Seismic waves also have a long tradition of being used in seafloor study and the locating of underground resources. Seismographs used to study earthquake events have enabled scientists to read into layers of the planet’s crust and identify its constituent elements. One of these techniques – seismic tomography – is conducted by analysing and comparing seismometer readings from across the world in order to generate tomographic models – three-dimensional images that represent the different densities within the planet’s upper layer. Further fossil resource identification was developed by employing techniques such as seismic reflection. This technology is operable by using air guns that emit six to seven 240 decibel shots per minute – corresponding to an alarming number of approximately 7,000 shots in twenty-four hours, with activities lasting consecutive days.[9]

In order for seismic reflection to compile geologic information that reaches 30km into the Earth’s crust, the sonic discharges released by these surveys strongly impact underwater acoustic communities who depend on echolocation for survival. These include cetaceans, who use forms of sonic emission to locate themselves and their food sources in the aquatic environment. Seismic technology’s intense signal release damages marine animals’ ears, swim bladders and other organs, provoking internal bleeding and, in some cases, leaving them lost and stranded on the beach – since the mobility and behaviour of a particular species can be deeply affected, provoking alarming disruptions in the food chain.[10]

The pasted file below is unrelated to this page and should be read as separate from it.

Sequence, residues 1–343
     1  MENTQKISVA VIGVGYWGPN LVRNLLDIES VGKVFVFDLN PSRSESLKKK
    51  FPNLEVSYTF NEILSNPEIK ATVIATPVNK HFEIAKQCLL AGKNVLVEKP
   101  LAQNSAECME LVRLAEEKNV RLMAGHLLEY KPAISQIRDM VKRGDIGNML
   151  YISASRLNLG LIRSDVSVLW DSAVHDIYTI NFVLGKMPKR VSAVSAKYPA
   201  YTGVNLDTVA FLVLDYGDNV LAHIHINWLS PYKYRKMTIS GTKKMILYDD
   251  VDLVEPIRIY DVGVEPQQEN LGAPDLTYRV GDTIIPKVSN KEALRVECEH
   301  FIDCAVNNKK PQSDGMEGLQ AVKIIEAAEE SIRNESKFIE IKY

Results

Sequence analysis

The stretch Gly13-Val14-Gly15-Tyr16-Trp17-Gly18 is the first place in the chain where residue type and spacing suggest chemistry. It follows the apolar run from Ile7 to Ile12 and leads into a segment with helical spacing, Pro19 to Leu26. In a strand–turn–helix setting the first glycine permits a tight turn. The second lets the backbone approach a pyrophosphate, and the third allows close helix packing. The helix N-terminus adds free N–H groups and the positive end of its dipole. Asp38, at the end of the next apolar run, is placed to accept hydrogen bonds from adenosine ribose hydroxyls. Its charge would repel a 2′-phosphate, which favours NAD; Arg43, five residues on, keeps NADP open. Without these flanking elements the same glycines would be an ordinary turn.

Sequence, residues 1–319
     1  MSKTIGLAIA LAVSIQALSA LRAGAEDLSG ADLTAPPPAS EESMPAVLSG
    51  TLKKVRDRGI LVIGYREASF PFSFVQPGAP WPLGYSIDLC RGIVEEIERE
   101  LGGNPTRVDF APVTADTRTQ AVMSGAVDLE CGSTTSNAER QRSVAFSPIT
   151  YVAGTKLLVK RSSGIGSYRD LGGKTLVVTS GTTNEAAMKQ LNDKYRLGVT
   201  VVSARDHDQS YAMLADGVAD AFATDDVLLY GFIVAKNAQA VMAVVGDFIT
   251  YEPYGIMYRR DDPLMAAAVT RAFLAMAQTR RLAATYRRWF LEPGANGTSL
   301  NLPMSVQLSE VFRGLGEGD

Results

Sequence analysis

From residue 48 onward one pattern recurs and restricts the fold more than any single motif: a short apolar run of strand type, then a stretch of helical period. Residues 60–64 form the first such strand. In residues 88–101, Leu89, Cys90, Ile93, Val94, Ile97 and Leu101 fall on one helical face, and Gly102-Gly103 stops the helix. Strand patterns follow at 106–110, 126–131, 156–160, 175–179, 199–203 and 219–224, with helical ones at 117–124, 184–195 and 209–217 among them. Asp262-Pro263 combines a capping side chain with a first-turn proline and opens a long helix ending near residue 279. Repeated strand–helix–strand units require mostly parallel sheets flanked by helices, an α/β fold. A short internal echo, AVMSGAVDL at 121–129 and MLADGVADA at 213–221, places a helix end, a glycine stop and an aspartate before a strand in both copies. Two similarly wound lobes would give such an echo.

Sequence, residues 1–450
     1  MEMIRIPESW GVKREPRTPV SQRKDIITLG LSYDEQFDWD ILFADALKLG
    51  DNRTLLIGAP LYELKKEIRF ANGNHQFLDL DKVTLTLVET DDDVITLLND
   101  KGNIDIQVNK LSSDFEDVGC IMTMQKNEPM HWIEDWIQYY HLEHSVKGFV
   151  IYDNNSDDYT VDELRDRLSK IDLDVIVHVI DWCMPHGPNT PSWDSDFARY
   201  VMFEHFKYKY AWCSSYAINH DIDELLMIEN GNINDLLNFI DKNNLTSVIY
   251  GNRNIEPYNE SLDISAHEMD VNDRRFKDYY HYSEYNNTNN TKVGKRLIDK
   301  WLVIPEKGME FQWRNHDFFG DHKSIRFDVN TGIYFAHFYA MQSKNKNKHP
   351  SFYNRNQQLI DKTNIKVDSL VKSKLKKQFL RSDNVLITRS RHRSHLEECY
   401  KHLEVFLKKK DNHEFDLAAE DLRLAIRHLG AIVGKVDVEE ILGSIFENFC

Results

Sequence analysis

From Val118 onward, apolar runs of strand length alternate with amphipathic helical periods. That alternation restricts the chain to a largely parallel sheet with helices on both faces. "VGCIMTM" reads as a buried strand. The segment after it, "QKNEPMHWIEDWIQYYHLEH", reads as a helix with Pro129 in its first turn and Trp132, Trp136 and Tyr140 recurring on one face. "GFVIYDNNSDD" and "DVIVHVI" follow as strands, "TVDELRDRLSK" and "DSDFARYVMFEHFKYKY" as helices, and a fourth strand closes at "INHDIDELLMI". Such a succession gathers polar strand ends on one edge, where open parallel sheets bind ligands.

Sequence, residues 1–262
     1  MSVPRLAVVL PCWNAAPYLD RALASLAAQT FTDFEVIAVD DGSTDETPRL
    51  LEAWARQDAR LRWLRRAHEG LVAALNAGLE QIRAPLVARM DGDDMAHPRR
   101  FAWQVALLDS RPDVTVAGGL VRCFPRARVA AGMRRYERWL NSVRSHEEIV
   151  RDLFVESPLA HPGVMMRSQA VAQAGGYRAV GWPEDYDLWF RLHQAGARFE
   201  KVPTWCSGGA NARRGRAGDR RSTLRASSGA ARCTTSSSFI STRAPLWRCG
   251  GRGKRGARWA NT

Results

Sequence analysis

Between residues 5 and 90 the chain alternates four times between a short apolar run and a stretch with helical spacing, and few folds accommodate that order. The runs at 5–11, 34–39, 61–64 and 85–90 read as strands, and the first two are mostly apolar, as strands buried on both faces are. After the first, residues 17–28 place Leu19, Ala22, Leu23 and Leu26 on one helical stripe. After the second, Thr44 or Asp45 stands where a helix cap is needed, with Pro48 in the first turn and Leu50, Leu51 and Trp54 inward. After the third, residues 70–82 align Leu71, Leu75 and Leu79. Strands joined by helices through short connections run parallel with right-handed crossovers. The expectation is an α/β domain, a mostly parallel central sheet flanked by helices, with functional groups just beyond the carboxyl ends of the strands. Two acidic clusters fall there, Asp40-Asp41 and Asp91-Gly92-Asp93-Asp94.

Counter-sonicity as tactics

The use of sound on seas has been invested in forms of control and securitisation since its inception. However, recent examples in ecological conservation suggest the presence of tactical forms of counter-sonicity, proving that there is yet another generative a shift in the exploration of sonic infrastructures and the ‘technometabolism’ of this media. At the same time, when our sonic baselines are increasingly challenged, in an ocean where the crescendo of background noise is a galloping reality, there are other forms of sonic emission, that contribute to reversing this equation of dispossession.